Recent ecological divergence despite migration in sockeye salmon (Oncorhynchus nerka)

By: , and 



Ecological divergence may result when populations experience different selection regimes, but there is considerable discussion about the role of migration at the beginning stages of divergence before reproductive isolating mechanisms have evolved. However, detection of past migration is difficult in current populations and tools to differentiate genetic similarities due to migration versus recent common ancestry are only recently available. Using past volcanic eruption times as a framework, we combine morphological analyses of traits important to reproduction with a coalescent-based genetic analysis of two proximate sockeye salmon (Oncorhynchus nerka) populations. We find that this is the most recent (~500 years, 100 generations) natural ecological divergence recorded in a fish species, and report that this divergence is occurring despite migration. Although studies of fish divergence following the retreat of glaciers (10,000–15,000 years ago) have contributed extensively to our understanding of speciation, the Aniakchak system of sockeye salmon provides a rare example of the initial stages of ecological divergence following natural colonization. Our results show that even in the face of continued migration, populations may diverge in the absence of a physical barrier.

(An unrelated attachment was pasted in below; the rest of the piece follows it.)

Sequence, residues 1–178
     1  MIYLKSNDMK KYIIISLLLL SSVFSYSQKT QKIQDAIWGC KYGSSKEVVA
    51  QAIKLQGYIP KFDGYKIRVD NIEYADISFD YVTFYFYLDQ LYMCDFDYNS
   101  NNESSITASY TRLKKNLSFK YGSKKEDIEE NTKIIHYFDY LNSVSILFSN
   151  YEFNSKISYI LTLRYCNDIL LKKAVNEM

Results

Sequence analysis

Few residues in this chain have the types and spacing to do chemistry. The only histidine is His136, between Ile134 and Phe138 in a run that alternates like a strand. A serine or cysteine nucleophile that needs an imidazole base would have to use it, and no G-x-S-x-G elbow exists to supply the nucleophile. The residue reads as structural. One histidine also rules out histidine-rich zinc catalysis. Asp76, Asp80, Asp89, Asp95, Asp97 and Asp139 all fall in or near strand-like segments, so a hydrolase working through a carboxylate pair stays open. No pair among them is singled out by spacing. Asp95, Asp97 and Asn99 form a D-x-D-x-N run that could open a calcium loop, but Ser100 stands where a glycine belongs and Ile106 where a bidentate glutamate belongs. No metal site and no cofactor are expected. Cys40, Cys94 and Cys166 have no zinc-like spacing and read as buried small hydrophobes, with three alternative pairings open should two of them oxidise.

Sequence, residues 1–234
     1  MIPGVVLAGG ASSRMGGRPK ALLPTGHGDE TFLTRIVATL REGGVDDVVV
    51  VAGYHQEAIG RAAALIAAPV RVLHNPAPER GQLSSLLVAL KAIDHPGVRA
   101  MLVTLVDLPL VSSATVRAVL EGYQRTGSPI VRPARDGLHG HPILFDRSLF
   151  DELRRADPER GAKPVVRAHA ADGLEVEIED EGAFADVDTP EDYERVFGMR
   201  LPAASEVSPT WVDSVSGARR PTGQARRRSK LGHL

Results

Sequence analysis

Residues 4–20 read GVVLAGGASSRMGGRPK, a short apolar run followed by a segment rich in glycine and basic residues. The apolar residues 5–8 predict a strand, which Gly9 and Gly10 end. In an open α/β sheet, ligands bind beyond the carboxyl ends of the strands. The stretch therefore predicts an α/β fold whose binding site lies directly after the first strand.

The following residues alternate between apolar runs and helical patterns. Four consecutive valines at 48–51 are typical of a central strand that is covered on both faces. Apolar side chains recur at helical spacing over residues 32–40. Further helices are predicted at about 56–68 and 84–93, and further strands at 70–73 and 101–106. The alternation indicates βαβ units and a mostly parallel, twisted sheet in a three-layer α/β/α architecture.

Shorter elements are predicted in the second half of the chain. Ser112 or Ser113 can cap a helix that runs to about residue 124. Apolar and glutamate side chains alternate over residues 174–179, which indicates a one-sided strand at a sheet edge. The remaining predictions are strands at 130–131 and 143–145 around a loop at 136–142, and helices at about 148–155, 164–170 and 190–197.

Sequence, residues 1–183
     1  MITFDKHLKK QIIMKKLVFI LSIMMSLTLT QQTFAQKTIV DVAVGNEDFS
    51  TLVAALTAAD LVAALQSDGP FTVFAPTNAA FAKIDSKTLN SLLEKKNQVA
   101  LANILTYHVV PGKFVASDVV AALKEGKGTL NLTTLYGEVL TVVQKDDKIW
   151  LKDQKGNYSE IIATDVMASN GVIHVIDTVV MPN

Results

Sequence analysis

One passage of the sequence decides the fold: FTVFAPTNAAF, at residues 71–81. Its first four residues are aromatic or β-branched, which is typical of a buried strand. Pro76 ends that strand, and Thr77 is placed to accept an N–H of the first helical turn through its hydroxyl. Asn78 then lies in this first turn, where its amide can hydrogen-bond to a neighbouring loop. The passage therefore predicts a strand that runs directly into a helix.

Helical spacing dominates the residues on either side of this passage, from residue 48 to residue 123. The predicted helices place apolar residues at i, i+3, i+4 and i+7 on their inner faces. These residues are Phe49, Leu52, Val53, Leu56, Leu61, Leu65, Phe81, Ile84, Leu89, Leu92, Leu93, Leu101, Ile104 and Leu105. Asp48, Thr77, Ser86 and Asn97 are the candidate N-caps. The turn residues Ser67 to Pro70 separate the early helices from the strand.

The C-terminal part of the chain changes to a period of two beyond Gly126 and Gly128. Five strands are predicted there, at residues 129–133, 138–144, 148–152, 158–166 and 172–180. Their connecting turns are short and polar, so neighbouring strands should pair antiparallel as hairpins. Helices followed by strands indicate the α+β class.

Additional publication details

Publication type Article
Publication Subtype Journal Article
Title Recent ecological divergence despite migration in sockeye salmon (Oncorhynchus nerka)
Series title Evolution
Volume 64
Issue 6
Year Published 2010
Language English
Publisher Society for the Study of Evolution
Publisher location Amsterdam, Netherlands
Contributing office(s) Alaska Science Center Biology MFEB
Description 11 p.
Larger Work Type Article
Larger Work Subtype Journal Article
Larger Work Title Evolution
First page 1773
Last page 1783
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